With Walt Whitman in Camden, by Horace Traubel
Copyright 1996 by Fellowship of Friends. All Rights Reserved.

On the Appreciation of Simple Things

Monday, July 13, 1891

Told W. of our walk, he being in every way interested. "Why! it comes close to my old walks, long, long ago--brings the whole thing back to me. Oh! the exhilaration of such freedom--the going and coming--the being master of yourself and of the road! No one who is not a walker can begin to know it!"

Friday, July 17, 1891

Then we passed on--soon around the corner to Mickle St. Morris exclaims, "My! How I have enjoyed all this! I had no idea so much was to be seen so near Camden!" W. then said, "Plenty to be seen if you have the eye to see it! Remember the old stories of the two boys, coming home at night after long excursions--John arriving tired, hungry, disgruntled, saying, when asked what he had seen, 'Oh! nothing at all--nothing--absolutely nothing!' But Bill, coming along whistling, happy, cheery, asked the same question, could respond, 'Oh! More than I can tell you! A world of new things! Trees, farms, cities, the clouds, rivers, sunset, workingmen, factories, dogs--oh! a whole, interminable list of experiences!' One, we see, all eye, the other none!"

Saturday, July 25, 1891

He kept hat off for a great part of the road back. Which way would he go? "Any way--I have no tastes. One of the delights of travelling in a wagon is to find new ways--to sort of discover your own roads--go any way, so the general direction is right." Motioning across a field, "There is a picture: grand! A group of horses!" Everywhere his salutations--then, after passing one who did not respond, "It is so different here from in the South. There everybody gives you time of day, nods, says some good word, looks a certain sort of hospitality--even the boys you meet--the girls."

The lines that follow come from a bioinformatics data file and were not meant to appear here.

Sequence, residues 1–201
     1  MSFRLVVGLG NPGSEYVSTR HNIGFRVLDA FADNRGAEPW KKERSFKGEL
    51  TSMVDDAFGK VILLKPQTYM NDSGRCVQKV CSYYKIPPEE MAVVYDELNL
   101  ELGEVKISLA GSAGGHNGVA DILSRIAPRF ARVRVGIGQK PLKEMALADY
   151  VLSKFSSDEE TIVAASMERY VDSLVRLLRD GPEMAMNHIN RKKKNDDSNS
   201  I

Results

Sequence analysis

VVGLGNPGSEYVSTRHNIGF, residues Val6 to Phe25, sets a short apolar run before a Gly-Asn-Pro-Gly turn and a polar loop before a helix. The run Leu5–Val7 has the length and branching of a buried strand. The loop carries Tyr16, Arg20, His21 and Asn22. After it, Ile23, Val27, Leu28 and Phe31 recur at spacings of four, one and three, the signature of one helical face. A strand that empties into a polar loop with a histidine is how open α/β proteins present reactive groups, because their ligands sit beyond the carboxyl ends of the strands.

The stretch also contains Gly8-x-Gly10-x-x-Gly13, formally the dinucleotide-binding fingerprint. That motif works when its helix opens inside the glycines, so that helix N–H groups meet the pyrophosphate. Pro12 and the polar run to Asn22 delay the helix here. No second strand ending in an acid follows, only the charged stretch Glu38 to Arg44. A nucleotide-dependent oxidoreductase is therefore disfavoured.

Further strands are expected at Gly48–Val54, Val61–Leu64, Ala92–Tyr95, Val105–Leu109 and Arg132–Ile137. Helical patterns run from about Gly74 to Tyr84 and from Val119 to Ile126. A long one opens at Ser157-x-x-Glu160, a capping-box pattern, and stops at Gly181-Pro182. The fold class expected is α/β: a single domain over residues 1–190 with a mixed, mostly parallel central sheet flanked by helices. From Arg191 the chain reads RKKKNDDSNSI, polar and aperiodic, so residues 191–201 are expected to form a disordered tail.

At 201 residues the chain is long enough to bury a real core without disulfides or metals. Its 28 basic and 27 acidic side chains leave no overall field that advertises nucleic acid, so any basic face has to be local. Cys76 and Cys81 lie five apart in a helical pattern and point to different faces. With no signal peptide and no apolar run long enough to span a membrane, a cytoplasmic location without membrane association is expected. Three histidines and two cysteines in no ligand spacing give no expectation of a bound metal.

Saturday, September 5, 1891

Called our attention to patches of grass, to the clouds, to the water; pointed out the vague lines of the creek. "More and more as I grow old do I love the grass: it seems to supply me something--some dear, dear something--much my need, yes, greatly needed."

Wednesday, September 9, 1891

Wallace brought out the photos--thrust in letter sheets--marked some of them for W., some for me, etc. All beautifully arranged by Johnston--W. to take his choice. He looked at all with eager enjoyment. Wallace seemed to fear W. was bored, but that was a mistake. Especially the pictures of concrete average life were attractive to him. He went into warm admiration over some wandering pigs--and a picture of three miners against a rock, picks in hand, drew from him, "Oh! how fine they are!--a fine three. I like this picture--it throws out the suggestion of immense health, strength, courage--the plain, homely, honest faces!"